Revisiting the hypothesis of sex-biased turtle road mortality


  • Sue Carstairs Ontario Turtle Conservation Centre
  • Marc Dupuis-Desormeaux
  • Christina M. Davy



Midland Painted Turtle, Snapping Turtle, Blanding’s Turtle, Northern Map Turtle, Chelydra serpentina, Chrysemys picta, Emydoidea blandingii, Graptemys geographica, Ontario, road ecology, road mortality, sex-biased dispersal, sex ratio, wildlife rehabilita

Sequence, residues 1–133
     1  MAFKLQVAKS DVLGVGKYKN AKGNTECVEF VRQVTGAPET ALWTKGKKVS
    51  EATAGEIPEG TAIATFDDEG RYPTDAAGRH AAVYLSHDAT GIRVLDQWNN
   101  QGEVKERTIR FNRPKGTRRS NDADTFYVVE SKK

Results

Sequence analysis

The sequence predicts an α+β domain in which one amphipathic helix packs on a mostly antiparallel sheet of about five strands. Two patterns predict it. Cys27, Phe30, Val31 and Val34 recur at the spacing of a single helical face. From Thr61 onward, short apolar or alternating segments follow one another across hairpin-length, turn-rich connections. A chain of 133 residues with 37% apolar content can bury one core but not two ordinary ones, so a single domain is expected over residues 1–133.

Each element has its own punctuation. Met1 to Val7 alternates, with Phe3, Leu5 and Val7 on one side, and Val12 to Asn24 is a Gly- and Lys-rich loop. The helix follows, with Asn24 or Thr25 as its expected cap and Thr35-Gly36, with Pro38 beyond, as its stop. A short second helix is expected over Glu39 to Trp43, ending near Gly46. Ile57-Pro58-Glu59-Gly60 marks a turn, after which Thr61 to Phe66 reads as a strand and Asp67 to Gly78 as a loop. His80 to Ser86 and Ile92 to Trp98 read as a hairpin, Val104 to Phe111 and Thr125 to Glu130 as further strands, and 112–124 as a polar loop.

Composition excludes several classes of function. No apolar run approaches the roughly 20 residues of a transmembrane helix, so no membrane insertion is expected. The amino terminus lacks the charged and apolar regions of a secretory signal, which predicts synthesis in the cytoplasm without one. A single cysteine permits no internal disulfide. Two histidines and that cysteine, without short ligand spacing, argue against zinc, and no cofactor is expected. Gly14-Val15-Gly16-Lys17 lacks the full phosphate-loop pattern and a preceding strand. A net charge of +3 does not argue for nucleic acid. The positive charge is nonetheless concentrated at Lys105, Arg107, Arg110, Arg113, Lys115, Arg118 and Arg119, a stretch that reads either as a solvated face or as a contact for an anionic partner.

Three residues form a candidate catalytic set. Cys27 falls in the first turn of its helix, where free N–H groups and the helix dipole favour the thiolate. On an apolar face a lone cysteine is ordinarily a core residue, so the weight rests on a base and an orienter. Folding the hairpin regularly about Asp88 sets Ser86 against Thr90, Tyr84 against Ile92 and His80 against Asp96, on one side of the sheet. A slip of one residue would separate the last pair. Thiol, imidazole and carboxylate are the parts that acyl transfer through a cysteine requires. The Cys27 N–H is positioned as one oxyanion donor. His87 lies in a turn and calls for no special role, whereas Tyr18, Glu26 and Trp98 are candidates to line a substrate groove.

Road mortality poses a major threat to turtle populations. Several studies have suggested that the terrestrial movements associated with nesting increase this risk for females. The Ontario Turtle Conservation Centre (OTCC) is home to the Kawartha Turtle Trauma Centre, which admits 900 or more turtles a year, with road injuries the primary cause of admission. We tested the hypothesis that road mortality in turtles is female-biased using data from injured Midland Painted Turtles (Chrysemys picta marginata), Snapping Turtles (Chelydra serpentina), Blanding’s Turtles (Emydoidea blandingii), and Northern Map Turtles (Graptemys geographica) collected over about 126 000 km2 and admitted to OTCC’s hospital from January 2013 to October 2017. There was no difference in the number of male and female admissions of Midland Painted, Blanding’s, or Snapping Turtles (P > 0.05); however, more female Northern Map Turtles than males were admitted (P < 0.001). Admission of female turtles peaked in June during the nesting season, but male admissions were more evenly distributed throughout the season. Our admissions data provide a temporally unbiased and geographically broad snapshot of turtle–vehicle interactions that can directly inform conservation and management policies. Although our data are not equivalent to mortality rates, these results demonstrate that vehicle strikes can have a substantial impact on both female and male turtles.